Come back 2017? Patients needing surgeries could wait for three years for KPH appointments!
Erica Virtue, Senior Gleaner Writer
Two departments at the Kingston Public Hospital (KPH) are now giving patients three-year appointments for urgent or elective surgeries.
Sunday Gleaner source said those receiving 2017 appointments include persons needing general and orthopaedic surgeries.
A senior medical official at the hospital said it is reeling from a massive backlog as a result of lost theatre time; shortage of surgical equipment; overworked surgeons, doctor shortage, and a malfunctioning elevator.
According to the official, the loss of scheduled theatre time has pushed "reasonable time" for surgeries from months to years.
The official claimed that one upset orthopaedic surgeon has written to "all who will listen" but now appeared to have "given up" as he has received little or no responses and conditions have not improved.
"The most difficult orthopaedic cases are referred to KPH. Every hospital in Jamaica sends patients there for those kinds of difficult surgeries. So there is going to be a backlog. Even the University Hospital of the West Indies (UHWI) sends its most difficult cases there too," said one doctor who asked not to be named.
Orthopaedic surgery - a branch of surgery concerned with conditions involving the musculoskeletal system - is used to treat trauma caused by sports, degenerative diseases, infections, tumours, and congenital disorders.
President of the Medical Association of Jamaica, Dr Shane Alexis, said he was not shocked by the revelations and believes the situation was not singular to the KPH.
According to Alexis, while he was unable to speak directly to the situation at KPH, he was reasonably sure that other hospitals are also issuing appointments for periods ranging from one year to 18 months, and even two years.
"The issue of patient appointment speaks to the capacity. If you only have three offices in a clinic then that's what you have. You don't have enough space to put eight doctors anyway. What is needed is an expansion of the sector, proportional to the development of the country," said Alexis.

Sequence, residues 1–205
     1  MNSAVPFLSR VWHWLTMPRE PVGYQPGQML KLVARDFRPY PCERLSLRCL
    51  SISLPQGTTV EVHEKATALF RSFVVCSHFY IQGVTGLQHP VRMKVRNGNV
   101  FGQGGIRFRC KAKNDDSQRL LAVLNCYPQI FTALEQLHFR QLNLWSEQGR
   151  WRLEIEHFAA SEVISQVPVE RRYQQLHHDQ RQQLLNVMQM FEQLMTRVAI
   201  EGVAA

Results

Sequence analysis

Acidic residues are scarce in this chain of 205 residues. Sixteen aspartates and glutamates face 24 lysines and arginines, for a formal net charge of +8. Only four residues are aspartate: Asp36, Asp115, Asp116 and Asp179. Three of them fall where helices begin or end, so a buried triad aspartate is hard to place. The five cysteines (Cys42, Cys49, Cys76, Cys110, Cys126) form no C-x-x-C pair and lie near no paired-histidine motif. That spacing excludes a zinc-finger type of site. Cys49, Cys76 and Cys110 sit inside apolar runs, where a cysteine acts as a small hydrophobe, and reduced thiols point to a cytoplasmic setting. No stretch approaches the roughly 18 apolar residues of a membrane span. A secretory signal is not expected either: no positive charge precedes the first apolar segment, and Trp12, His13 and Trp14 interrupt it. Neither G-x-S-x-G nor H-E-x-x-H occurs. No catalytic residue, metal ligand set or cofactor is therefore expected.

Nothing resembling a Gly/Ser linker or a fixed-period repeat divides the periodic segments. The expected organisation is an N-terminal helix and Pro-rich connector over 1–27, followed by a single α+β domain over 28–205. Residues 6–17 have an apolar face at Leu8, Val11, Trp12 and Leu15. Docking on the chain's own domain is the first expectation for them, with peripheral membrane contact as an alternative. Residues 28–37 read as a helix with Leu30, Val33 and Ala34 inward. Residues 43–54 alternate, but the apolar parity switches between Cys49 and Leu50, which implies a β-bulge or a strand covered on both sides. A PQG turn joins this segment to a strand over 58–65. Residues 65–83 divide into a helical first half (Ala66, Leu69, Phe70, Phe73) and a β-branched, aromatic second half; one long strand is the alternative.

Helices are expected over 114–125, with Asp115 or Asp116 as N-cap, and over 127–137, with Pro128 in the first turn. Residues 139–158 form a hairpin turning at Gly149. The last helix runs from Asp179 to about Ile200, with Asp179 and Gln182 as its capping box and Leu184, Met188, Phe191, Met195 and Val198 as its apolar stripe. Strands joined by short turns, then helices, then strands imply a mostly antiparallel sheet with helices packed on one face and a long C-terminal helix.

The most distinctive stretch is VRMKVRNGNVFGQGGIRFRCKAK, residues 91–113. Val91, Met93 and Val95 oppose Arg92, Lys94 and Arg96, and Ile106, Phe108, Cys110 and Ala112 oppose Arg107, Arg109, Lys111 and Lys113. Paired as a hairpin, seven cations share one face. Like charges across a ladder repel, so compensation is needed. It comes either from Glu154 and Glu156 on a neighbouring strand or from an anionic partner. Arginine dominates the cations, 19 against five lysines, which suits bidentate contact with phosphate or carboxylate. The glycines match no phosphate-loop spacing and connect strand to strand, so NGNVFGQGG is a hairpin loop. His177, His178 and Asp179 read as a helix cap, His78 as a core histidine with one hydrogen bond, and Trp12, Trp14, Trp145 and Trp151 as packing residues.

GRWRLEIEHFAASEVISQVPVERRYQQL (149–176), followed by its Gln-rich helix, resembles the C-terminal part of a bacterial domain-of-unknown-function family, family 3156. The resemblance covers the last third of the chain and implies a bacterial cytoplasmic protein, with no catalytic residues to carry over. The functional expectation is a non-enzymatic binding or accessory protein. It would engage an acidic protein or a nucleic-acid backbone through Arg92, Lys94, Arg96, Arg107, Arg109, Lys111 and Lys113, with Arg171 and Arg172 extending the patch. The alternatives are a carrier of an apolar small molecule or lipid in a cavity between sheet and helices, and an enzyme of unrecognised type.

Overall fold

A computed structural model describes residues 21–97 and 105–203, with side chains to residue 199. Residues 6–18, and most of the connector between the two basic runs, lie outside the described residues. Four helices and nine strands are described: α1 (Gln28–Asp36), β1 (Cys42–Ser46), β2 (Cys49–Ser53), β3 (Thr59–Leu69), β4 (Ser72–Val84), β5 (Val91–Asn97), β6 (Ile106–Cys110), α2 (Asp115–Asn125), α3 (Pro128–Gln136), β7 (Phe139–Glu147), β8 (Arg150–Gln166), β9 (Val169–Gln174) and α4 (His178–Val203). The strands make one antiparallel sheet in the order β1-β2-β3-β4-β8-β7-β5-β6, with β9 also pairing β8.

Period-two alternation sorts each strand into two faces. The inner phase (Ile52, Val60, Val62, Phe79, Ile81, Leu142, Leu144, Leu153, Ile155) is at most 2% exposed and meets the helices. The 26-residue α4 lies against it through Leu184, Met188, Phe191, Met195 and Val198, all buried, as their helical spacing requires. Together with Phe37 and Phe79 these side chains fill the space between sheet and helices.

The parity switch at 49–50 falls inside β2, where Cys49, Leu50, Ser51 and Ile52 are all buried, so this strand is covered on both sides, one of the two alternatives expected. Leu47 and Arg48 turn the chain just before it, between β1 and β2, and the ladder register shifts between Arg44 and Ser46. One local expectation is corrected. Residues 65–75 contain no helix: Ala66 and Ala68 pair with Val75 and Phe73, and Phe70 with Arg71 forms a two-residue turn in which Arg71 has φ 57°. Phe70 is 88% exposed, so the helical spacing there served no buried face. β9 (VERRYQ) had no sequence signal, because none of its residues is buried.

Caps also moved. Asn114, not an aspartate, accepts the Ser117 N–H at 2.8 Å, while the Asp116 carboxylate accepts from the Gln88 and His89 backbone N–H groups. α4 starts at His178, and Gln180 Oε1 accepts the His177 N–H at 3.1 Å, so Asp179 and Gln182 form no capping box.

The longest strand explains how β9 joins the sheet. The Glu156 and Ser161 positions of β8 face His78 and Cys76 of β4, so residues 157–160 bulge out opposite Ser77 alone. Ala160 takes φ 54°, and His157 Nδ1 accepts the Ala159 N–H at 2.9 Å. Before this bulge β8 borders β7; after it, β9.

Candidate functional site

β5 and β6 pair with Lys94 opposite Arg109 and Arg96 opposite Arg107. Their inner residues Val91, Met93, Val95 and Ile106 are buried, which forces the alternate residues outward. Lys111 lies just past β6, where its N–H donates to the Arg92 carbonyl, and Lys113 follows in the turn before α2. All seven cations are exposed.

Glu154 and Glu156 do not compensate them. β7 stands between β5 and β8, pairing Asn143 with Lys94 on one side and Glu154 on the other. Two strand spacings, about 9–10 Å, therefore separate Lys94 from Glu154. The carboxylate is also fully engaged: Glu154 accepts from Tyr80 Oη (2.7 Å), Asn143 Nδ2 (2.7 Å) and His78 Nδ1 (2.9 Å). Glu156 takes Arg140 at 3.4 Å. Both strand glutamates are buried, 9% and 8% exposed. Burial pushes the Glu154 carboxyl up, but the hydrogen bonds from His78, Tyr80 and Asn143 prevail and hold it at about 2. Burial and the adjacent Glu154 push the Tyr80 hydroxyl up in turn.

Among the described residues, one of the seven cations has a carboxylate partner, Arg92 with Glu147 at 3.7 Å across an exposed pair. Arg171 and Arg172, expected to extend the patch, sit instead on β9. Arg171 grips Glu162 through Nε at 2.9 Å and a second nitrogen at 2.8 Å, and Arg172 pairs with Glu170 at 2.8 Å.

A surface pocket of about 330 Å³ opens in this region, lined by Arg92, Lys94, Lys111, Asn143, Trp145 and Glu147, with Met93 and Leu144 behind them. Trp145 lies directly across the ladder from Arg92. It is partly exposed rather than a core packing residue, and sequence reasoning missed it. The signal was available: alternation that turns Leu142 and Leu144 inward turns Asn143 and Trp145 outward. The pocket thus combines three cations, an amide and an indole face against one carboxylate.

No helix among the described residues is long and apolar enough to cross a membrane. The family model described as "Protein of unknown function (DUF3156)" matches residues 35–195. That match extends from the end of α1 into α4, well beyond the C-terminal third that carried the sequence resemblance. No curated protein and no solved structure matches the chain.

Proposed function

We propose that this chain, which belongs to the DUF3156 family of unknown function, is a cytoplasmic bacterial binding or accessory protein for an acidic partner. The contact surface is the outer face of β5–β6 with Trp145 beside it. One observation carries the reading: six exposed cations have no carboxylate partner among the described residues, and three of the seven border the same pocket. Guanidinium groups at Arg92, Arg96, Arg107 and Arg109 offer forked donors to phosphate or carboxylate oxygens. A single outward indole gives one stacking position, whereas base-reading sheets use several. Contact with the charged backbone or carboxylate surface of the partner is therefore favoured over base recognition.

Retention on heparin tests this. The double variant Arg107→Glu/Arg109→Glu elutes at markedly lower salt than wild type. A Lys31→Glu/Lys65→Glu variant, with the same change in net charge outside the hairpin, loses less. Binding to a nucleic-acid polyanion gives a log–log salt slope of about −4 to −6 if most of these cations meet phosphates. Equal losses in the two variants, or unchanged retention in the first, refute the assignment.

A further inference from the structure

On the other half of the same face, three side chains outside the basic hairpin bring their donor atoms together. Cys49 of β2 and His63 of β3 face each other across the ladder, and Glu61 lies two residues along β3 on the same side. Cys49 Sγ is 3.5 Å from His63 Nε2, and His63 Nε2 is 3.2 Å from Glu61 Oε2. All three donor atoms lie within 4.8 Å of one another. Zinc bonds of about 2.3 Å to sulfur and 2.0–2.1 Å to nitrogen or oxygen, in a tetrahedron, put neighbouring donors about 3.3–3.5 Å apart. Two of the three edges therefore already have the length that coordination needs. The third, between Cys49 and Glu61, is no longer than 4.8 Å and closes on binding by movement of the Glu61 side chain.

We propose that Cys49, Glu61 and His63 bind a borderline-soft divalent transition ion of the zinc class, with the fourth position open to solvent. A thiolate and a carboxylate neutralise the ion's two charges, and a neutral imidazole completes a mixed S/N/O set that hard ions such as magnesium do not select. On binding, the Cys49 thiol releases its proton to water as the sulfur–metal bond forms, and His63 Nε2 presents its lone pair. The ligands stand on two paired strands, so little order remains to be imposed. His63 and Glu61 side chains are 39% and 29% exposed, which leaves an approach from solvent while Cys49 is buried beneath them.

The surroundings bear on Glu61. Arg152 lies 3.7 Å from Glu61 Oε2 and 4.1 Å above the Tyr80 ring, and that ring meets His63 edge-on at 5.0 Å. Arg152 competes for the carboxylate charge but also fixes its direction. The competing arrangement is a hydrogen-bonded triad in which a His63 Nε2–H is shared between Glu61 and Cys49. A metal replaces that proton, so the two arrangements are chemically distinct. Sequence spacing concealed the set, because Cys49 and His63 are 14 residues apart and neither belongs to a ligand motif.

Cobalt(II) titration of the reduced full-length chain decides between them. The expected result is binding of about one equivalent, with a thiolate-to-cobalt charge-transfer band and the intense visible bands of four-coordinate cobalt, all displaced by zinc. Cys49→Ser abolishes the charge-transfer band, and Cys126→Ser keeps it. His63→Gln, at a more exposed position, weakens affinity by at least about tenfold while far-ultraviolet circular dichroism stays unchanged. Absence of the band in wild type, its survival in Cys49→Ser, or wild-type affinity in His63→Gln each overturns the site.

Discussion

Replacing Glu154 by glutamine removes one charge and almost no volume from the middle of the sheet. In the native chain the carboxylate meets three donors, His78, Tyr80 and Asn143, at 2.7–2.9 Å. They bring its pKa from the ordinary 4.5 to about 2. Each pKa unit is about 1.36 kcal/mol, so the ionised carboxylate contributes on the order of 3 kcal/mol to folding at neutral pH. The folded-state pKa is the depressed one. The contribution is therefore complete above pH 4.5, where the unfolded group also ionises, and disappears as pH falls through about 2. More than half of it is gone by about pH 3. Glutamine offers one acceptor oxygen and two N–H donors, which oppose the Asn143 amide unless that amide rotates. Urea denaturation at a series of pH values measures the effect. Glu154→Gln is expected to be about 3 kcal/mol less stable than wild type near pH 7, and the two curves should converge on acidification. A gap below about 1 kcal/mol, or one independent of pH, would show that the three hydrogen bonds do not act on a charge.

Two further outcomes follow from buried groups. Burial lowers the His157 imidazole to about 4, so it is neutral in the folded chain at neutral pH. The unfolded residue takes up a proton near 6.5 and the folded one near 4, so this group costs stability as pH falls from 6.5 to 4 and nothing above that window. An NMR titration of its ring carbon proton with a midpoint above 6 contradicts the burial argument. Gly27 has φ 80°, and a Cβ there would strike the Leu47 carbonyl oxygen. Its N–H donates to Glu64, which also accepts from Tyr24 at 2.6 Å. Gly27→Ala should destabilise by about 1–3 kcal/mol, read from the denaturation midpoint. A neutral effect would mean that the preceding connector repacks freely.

"So where you have underdevelopment, you must develop other facilities to avoid individuals leaving one parish to come to KPH or University Hospital of the West Indies.
"Upgrade, everything from operating theatres to diagnostic equipment, ultra-sound, CT scans, machines of obstetrics, cancer care-related equipment and a massive overhaul of the primary health-care system, the clinics, so that we can take the pressure off the main hospitals," argued Alexis.
One woman who has been given a 2017 appointment for elective surgery at KPH told The Sunday Gleaner that she was trying to get into the UHWI's clinic as she could not afford the thousands the surgery would cost if she was to do it in the private sector.
Fifty-one-year-old Teresa Minott said she is stricken with uterine fibroids and need to have them removed, as they are causing other complications.
"If I could afford to go to the cheapest private hospital I would go. I would pay about $300,000 with doctors and hospital fees. But the gynaecologists at KPH are good and I want to do it there. But is 2017 appointment I have," said Minott.
Another woman with whom she had struck up a friendship has a 2016 appointment for a similar surgery.
Repeated attempts to contact KPH's Chief Executive Officer Beulah Stephens have been unsuccessful, while senior medical officer at the hospital, Dr Natalie Whylie, failed to respond to questions on the matter.